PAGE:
In operation, the system can receive audiovisual content from camera 2302 at the first location and transport the content to display device 2316 at the second location. Similarly, the system can receive audiovisual content from camera 2318 at the second location and transport the content to display device 2332 at the first location. In this way, fully functional video conferencing services can be provided by the system.
  • [0097]
    In one embodiment, the display devices can be televisions, monitors or other devices suitable to display visual content. In one embodiment, other audiovisual data sources can be used instead of the cameras.
  • [0098]
    FIG. 24 is a schematic block diagram of a system including two HDMI protocol converter modules and a crosspoint switch in accordance with an embodiment of the present invention. The system 2400 includes a HDMI to serial converter module 2402 coupled to a crosspoint switch 2404 coupled to a serial to HDMI converter module 2406.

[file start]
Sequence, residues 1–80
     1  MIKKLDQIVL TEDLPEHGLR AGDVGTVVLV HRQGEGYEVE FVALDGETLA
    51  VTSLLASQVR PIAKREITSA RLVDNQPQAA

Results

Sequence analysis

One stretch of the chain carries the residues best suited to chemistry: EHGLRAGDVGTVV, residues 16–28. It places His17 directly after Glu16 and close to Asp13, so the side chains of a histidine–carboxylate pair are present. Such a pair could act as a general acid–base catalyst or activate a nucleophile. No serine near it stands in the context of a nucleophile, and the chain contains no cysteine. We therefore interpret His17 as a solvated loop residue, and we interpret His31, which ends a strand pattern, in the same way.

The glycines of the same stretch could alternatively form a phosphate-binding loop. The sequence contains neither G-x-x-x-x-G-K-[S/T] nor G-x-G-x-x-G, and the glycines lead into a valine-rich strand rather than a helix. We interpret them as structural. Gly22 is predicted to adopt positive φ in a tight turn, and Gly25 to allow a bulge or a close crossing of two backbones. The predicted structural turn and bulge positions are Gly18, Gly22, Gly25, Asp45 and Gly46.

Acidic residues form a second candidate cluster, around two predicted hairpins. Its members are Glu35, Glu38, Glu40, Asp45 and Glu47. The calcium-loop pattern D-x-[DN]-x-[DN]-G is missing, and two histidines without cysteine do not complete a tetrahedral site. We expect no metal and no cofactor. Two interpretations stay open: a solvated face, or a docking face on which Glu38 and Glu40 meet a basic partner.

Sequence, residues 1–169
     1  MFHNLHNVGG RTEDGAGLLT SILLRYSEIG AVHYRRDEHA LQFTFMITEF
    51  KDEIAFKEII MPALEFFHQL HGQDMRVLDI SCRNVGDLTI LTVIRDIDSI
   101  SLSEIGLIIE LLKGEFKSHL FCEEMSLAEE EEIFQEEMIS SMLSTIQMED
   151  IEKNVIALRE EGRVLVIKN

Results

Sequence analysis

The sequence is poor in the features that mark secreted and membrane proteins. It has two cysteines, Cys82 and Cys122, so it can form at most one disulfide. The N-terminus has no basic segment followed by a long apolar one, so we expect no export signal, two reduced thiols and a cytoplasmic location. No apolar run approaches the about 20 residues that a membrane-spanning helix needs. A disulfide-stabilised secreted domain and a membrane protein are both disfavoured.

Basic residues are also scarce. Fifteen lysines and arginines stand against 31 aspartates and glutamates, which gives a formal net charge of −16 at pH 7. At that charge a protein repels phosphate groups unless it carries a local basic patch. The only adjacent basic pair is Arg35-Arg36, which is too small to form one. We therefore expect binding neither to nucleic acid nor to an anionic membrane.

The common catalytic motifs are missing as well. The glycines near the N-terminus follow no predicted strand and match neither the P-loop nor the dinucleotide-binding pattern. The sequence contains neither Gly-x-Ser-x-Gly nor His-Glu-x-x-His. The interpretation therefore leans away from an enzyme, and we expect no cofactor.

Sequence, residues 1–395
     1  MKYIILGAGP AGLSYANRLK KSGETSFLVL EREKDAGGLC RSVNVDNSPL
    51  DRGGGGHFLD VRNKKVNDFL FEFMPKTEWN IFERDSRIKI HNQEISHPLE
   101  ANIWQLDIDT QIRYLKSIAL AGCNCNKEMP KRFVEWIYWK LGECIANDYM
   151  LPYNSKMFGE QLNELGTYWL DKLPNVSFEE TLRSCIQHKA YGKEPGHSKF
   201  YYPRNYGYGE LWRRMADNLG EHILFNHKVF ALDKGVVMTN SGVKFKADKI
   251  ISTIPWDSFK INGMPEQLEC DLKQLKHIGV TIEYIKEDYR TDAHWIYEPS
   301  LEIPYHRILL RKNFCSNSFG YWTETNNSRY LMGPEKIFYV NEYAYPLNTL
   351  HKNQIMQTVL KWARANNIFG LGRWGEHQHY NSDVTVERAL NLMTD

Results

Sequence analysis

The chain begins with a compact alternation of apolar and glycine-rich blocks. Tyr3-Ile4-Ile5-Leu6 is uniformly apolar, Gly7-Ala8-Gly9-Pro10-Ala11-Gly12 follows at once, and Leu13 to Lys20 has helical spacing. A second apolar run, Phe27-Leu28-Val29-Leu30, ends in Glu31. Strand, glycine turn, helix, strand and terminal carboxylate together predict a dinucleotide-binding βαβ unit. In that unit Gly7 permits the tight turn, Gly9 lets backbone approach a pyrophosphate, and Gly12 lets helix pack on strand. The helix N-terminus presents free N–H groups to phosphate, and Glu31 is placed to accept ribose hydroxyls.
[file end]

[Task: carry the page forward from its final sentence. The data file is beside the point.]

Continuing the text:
• [0099]
    The HDMI to serial module 2402 includes an HDMI receiver 2408 coupled to an FPGA 2410 coupled to a XAUI PHY 2412. In the illustrated embodiment, the HDMI receiver 2408 is configured to receive HDMI data and provide the data via a number of parallel data channels to the FPGA 2410. The FPGA 2410 can receive the parallel data channels along with various HDMI control channels and can multiplex the received parallel data onto four XAUI data channels. The XAUI PHY 2412 can receive data from the four XAUI data channels and can serialize the data onto a XFI differential output data channel.
  • [0100]
    The crosspoint switch 2404 can receive the data from the XAUI PHY 2412. The crosspoint switch can also communicate data back to the XAUI PHY 2412 via another XFI data channel. In a number of embodiments, the data communicated from the crosspoint 2404 to the XAUI PHY 2412 is HDMI control data. The crosspoint switch 2404 can provide data received from the XAUI PHY 2412 to the serial to HDMI module 2406.
  • [0101]